Procter & Gamble wins patent suit for Actonel
CINCINNATI The United States District Court of Delaware today ruled in favor of the Procter & Gamble Company in the patent infringement lawsuit filed by P&G against Teva Pharmaceuticals. The positive ruling protects P&G’s rights in the U.S. to exclusively market the osteoporosis therapy Actonel (risedronate sodium tablets).
P&G filed a patent infringement lawsuit in August against Teva to enforce P&G’s U.S. composition of matter patent for risedronate, the active ingredient in Actonel. Teva was seeking to market a generic version of Actonel in the United States under the assertion that the Actonel patent was not valid due to obviousness of the invention.
The court ruled today in favor of the patent. “We are pleased that the Court recognized and acknowledged the uniqueness of the risedronate molecule,” said Tom Finn, P&G president of global health care. “We are very proud of the extensive R&D efforts which brought Actonel to market, providing patients help that they need to manage their osteoporosis and prevent fractures.”
Mylan contemplates selling Dey due to Q3 loss
PITTSBURGH Mylan, a generic drug maker, has experienced a fiscal third-quarter-loss due to the $1.27 billion write off of acquired research and development related to acquisitions.
Shares for the company fell $1.41, or 11 percent, to $11.74 during aftermarket electronic trading, after closing down 12 cents at $13.15.
According to published reports, the loss for the quarter ended Dec. 31 totaled $1.38 billion. The company is said to possibly sell specialty business Dey LP. Selling Dey; however, will delay the launch of Perforomist, a treatment for emphysema and chronic bronchitis. This delay is predicted to hurt their earnings by 20 to 25 cents per share in 2008 to 2010.
The company is also planning to discontinue manufacturing and research at its facility in Canada, and stop manufacturing products in Puerto Rico. According to published reports, it will also stop research and development at Gerard Laboratories in Ireland and Spain.
Federal advisory panel recommends flu shot be given to all children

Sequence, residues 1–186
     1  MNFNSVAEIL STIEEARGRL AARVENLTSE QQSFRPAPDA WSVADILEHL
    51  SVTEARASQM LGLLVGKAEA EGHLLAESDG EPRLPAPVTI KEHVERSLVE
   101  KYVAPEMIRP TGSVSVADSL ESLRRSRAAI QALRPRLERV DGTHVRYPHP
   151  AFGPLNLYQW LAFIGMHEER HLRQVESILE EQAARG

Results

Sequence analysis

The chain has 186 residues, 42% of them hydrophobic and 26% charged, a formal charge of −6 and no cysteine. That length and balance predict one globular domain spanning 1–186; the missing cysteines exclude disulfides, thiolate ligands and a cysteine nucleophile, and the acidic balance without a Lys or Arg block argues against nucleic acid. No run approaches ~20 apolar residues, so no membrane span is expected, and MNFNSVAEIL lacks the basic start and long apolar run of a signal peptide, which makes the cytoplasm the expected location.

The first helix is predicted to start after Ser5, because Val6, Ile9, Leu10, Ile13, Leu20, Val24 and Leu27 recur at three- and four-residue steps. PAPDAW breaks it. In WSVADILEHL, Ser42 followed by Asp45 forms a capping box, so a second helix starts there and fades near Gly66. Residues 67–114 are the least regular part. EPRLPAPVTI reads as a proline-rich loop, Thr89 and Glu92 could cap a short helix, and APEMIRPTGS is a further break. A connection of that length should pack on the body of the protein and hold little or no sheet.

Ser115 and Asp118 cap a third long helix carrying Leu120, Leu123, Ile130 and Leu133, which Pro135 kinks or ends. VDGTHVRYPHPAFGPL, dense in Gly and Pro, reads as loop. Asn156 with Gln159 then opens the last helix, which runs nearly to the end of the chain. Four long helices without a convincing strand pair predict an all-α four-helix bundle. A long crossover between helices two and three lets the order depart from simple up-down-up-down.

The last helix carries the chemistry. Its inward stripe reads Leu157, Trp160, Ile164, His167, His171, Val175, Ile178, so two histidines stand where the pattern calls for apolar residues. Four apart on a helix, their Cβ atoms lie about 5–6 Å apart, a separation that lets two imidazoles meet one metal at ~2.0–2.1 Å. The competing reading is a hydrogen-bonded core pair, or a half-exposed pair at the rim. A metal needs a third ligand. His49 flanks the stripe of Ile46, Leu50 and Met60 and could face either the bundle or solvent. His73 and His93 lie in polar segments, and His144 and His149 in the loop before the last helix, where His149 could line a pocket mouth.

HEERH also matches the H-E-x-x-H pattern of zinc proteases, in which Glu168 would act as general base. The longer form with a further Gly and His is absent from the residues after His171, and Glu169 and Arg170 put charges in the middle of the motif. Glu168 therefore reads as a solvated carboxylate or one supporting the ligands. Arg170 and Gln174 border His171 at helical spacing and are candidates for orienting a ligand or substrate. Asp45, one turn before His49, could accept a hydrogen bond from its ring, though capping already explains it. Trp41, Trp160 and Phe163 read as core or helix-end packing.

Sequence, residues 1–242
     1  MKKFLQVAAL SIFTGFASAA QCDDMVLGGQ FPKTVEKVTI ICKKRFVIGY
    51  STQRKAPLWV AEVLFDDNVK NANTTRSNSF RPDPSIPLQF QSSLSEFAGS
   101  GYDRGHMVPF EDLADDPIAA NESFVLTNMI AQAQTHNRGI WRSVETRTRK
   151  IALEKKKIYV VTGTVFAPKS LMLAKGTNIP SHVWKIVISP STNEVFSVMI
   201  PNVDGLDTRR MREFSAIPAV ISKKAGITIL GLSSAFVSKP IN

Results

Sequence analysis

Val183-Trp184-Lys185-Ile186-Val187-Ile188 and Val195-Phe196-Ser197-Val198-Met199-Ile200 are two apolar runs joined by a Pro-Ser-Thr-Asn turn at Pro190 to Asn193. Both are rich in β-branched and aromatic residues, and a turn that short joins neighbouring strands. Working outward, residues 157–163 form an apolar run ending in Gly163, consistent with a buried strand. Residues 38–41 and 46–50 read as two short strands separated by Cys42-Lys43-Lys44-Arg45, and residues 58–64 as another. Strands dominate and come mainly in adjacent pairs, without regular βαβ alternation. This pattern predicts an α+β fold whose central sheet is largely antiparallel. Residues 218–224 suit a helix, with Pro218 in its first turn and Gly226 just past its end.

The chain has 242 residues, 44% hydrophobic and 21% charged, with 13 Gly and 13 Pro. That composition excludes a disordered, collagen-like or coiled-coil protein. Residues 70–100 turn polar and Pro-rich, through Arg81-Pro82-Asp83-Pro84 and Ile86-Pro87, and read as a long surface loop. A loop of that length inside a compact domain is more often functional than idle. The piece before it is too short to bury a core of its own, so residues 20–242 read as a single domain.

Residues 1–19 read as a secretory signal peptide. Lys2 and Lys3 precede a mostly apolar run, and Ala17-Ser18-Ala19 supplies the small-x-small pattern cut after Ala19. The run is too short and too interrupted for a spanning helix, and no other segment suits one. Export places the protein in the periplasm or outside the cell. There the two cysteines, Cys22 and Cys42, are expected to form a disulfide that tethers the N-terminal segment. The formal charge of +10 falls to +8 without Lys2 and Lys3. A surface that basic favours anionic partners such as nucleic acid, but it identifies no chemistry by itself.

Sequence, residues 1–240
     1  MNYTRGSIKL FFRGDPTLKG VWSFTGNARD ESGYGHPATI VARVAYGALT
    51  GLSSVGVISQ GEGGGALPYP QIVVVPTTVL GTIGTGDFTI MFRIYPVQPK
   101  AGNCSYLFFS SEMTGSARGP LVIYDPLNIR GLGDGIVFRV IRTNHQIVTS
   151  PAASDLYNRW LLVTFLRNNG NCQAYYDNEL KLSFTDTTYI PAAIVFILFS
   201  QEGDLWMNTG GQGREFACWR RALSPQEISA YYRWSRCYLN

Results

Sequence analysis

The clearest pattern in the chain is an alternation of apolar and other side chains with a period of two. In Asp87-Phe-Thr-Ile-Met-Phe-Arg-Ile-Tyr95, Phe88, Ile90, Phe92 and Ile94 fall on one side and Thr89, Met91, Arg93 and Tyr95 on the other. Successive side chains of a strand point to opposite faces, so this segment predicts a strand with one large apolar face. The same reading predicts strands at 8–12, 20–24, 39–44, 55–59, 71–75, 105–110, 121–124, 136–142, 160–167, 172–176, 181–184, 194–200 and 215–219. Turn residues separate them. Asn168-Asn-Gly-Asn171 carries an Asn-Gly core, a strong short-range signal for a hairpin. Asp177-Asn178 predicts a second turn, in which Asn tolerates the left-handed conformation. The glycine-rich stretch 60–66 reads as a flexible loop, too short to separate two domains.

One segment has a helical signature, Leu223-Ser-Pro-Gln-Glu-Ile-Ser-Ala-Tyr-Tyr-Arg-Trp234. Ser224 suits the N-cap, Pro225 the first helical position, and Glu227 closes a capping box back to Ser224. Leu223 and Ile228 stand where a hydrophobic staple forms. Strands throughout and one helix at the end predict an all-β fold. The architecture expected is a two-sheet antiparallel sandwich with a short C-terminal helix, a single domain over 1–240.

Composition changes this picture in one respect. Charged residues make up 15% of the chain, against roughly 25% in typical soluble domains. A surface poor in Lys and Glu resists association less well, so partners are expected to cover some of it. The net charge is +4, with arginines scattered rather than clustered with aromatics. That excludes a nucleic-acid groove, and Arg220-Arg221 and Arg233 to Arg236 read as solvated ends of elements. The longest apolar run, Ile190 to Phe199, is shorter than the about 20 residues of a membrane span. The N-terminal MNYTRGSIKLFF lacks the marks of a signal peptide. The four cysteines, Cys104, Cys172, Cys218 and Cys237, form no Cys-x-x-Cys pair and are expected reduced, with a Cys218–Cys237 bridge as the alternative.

ATLANTA A federal advisory panel said Wednesday that all children up to age 18 should get vaccinated against the flu. The only exception was children under six months and those that have serious egg allergies.
Flu shots have usually been recommended to those that are at the highest risk of detrimental effects from the flu, such as children ages 6 months to 5 years, adults 50 and older, and those that have a weak immune system. This year, however, experts suggest that a way to prevent those at risk from being infected, all children, very effective carriers of the influenza virus, should be inoculated.
According to published reports, the Advisory Committee on Immunization Practices says this year that all children should get vaccinated as soon as possible. Offering flu shots to all children would add about 30 million more children than usual. FluMist, a nasal spray vaccine is also approved for ages 2 to 49, as an alternative to the shot.
The new advisory for flu shots has caused arguments among doctors as to when the vaccines should be available. Some doctors feel that the vaccine should be offered universally, while others are unsure of how every child will get covered with the vaccine.
“We probably will need to have low expectations for coverage in the first few years of implementation” of the ages 5-through-18 recommendation, said Tony Fiore, an epidemiologist with the Centers for Disease Conrol and Prevention.